From the Eagle’s Eye Illustrates the Boston College Experience

From the Eagle's Eye

From the Eagle’s Eye, a rotating student photography exhibit on the fourth floor of Maloney Hall, accepts submissions based on a new theme every semester. The Spring 2018 exhibit’s theme is “gratitude,” and the submissions were all extraordinarily touching and personal. Many of the pieces included a note about the picture—who it was taken of or why it’s important. Students who have no background in photography are also encouraged to submit their pictures, with the hope that the exhibit will allow viewers to get a glimpse of everyday Boston College life.

The exhibit contained pieces with subjects ranging from nature, to family and friends, to volunteer cohorts. It truly illustrated just how diverse gratitude can be.

In a stunningly simple picture submitted by Lori Niehaus, MCAS ’18, two monkeys gently hold on to each other while looking out into the green, leafy horizon. The tender serenity exemplified in the monkeys’ stance instantly puts the viewer at ease. The photograph illustrates how important it is to enjoy the simplicities of nature.

Another nature-themed highlight was a picture of BC in the fall submitted by Jennifer Arruda, CSON ’19. The photograph encapsulates the bright reds and golds of the New England foliage. The message accompanying the photo was simple:

“I love fall in New England,” Arruda wrote. “I captured this on my way to class a few weeks ago.”

It is an important reminder to open our eyes and absorb the beautiful world we live in. Students should put down their phones and look up to the sky and around them to fully take in BC’s stunning campus, or else the time will pass right before their eyes—even the brightest fall foliage only lasts but a few days.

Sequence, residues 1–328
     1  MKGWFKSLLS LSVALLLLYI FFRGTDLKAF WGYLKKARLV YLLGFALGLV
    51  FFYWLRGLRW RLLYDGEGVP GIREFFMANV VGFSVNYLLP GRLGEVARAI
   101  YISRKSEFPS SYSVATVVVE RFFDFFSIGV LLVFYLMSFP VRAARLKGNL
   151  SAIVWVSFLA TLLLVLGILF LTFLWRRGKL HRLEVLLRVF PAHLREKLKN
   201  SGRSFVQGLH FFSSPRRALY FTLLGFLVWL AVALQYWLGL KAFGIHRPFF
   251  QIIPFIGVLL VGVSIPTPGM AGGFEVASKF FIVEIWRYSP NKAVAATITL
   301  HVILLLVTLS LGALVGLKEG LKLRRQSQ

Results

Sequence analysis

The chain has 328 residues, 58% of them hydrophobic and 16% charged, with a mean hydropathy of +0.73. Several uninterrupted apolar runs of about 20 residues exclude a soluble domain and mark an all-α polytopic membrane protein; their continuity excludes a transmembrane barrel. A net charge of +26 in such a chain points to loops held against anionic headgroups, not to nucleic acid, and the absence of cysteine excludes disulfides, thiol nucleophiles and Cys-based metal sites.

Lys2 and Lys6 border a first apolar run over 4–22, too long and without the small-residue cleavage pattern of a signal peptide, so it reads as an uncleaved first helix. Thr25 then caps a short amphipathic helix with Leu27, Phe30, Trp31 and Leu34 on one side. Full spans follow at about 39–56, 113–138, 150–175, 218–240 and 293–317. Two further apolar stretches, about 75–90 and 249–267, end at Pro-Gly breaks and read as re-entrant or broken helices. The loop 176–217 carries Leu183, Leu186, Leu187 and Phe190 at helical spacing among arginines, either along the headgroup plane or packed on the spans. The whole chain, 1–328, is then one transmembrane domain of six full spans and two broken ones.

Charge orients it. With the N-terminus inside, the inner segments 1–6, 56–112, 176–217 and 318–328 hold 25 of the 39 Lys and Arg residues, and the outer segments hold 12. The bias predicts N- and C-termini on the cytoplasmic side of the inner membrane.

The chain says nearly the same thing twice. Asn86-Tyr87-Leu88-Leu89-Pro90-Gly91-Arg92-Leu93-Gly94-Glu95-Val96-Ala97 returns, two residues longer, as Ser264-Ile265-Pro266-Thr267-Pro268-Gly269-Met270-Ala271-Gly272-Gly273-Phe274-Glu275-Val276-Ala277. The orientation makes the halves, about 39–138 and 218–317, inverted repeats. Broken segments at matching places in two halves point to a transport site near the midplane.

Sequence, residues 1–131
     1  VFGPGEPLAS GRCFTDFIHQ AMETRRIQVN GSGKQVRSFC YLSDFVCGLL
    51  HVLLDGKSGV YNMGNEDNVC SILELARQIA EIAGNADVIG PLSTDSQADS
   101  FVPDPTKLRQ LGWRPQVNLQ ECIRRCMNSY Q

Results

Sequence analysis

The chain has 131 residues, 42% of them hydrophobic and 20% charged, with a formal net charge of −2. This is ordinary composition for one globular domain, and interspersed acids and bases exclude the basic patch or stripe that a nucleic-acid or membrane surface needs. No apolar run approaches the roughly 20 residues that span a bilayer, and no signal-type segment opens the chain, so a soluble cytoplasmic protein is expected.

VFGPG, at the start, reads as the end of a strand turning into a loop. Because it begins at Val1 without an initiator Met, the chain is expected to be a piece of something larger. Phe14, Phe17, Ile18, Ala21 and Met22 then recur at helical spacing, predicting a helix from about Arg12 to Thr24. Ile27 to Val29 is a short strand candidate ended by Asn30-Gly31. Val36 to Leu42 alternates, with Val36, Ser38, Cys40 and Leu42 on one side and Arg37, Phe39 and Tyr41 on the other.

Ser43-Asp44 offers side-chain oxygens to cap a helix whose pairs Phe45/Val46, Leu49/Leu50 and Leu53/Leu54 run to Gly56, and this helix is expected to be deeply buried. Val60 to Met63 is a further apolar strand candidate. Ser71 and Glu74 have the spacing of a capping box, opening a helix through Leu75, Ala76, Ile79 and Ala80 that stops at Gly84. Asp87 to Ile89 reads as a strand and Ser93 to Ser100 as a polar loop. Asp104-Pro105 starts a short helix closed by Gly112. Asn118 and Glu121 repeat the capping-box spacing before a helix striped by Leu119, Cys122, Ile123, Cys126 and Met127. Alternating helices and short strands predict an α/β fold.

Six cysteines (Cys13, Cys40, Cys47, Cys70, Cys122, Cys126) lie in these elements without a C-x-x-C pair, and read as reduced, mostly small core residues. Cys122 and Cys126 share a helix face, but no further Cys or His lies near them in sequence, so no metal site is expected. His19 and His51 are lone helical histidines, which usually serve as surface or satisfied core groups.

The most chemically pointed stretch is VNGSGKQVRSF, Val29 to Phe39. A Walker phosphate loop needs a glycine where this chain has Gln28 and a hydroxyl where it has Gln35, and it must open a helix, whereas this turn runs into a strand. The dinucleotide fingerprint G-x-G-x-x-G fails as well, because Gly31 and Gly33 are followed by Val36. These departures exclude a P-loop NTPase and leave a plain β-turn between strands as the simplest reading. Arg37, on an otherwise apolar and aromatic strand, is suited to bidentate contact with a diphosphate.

A picture submitted by Kassandra Phillips, MCAS ’18, depicts the shadowed outline of a girl looking up at the brilliantly green and orange Northern Lights. The entire photograph is dark except for the glowing sky. The photograph was taken in Iceland—a country not many get the chance to travel to. In the caption, Phillips wrote that she was “so thankful to get the opportunity to see something so amazing.”

Many students submitted photography taken on service trips or while studying abroad. These pictures were touching, as they often involved students interacting with the youth of an underprivileged country. Others were centered on unique landscapes that can’t be replicated or found anywhere in the United States.

An impressive shot from abroad was submitted by Sadiq Ervin, LSOE ’19, and featured a young child standing over a large crowd of pigeons. Ervin’s caption read “[pigeons] are much more beautiful outside of street corners and train platforms,” illustrating the sheer beauty of nature when one takes the time to truly examine it. This candid photograph looks professional—the child’s shadow is cast perfectly in a space without pigeons and the large group of birds contrasts with the water in the background.

Some of the pieces were organized strategically throughout the reception area. For example, two pictures with a strikingly bright blue as the main color were positioned next to each other. The photograph on top, by Kerri Evans, SSW ’20, was a close-up of beautiful bluish-purple flowers. Directly underneath it was a picture of a baby crawling in the grass by Ivelisse Mandato, MCAS ’20. The baby had large, clear blue eyes and was wearing a blue shirt and socks. The different shades of blue in these two pictures complemented each other, and the placement of the two pieces almost presented them as one whole.

There are 14,125 different ways Boston College is being experienced at this very moment. From the Eagle’s Eye strives to exhibit these different personal journeys. By displaying work of students from different walks of life, in different years of schooling, with different levels of photography skills, From the Eagle’s Eye effectively illuminates BC through the unique lives of its students.

Featured Image by Sam Zhai / Heights Staff

About Emily Himes 48 Articles
Emily is the Assistant Arts Editor for The Heights. She is from Miami, FL. She enjoys country music, bad television, long walks on the beach, and "The Piña Colada" song. Contact her (please) at [email protected] Complain to [email protected]